i could go into more detail about the wretchedness of that memory, and the feelings and words that i wish i could take back, but i won’t.  i don’t even think i have to, because i’m not alone.  if i was, there wouldn’t be blog posts popping up all over the place about how to not yell at your kids.

last week, i came across the orange rhino blog,  as the idea of not yelling had already changed from a tiny bud of a dream into a full flower of hope.  reading yet another blog where a mom had succeeded to not yell for a whole year, caused me to pluck that flower of hope and claim it as my own.

the conviction that has been growing for the last 6 months finally led to action, and i decided then to not trade one more moment of love with my children, for a moment of recklessness with my words.

that’s the why.  the how, requires less words:  God.

the orange rhino blog has some tips for how to stop.  i don’t agree with all of them.  some are great, but some are just not how i would approach the life change.  #1- she continued to yell, just not at her kids (for the first bit, anyway).  #2- she also told her kids her plan.

#1- one of the things i hate most about yelling, is the feeling of losing control.  the bible tells us to be self-controlled many times, and in proverbs (25:28) it describes a person without self-control as being “like a city broken into and left without walls.”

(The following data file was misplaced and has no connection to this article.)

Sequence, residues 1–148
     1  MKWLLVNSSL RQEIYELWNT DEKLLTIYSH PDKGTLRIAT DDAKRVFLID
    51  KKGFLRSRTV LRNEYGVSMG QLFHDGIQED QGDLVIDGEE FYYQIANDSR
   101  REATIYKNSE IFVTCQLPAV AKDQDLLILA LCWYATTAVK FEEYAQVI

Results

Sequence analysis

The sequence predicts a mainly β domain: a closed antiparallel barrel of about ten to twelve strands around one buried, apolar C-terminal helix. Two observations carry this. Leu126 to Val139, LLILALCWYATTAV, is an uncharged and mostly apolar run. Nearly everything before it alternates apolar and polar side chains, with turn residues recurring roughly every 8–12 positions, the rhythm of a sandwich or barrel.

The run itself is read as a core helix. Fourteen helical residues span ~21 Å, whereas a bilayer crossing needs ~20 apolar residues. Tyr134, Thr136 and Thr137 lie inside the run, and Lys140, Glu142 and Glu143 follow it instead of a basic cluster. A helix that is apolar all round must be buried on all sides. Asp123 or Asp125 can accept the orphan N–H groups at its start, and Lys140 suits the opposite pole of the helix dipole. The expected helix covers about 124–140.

broken.  vulnerable.  just waiting for more.  that is what i felt, and what i don’t plan to ever go back to.

if you go looking for them, there are tons of bible verses that support not only self-control, but the power of your words (taming the tongue), and being slow to anger.  there’s no end of biblical support to help you through this.

yelling into a toilet might have helped the orange rhino lady to get past her habit, but for me, i’m cutting my ties with yelling, and not going back.

#2- i don’t have biblical backup for not telling my kids.  i have a mischievous little boy who would totally press my buttons if he knew i was trying not to show anger!   i DID tell my derek though, because i want him to keep me accountable.  i’m also not yelling at him, because if i don’t want to waste one more moment of this short life with regret, that involves all of the people i love.

i’m also telling you guys!  please ask me how it’s going.  my father-in-law taught me to be careful with what words i write down, because they can never be taken back.  i spent a long time deciding what to share, what not to share, and i realize that i’ve been very personal with this post.   i know that i’ve opened myself up to scorn from people who may not have the same struggles as i do.  i invite you to consider your own imperfections and solutions, rather than to attack me, as i clearly already see my own flaws.

i hope this not only answers the questions that many of you had, but also helps you.  each victory this week was a treasure, and the reward richer than anything i had imagined.  it’s not only my relationship with my family that is being strengthened by this decision, but my relationship with my ever-forgiving Father, as well.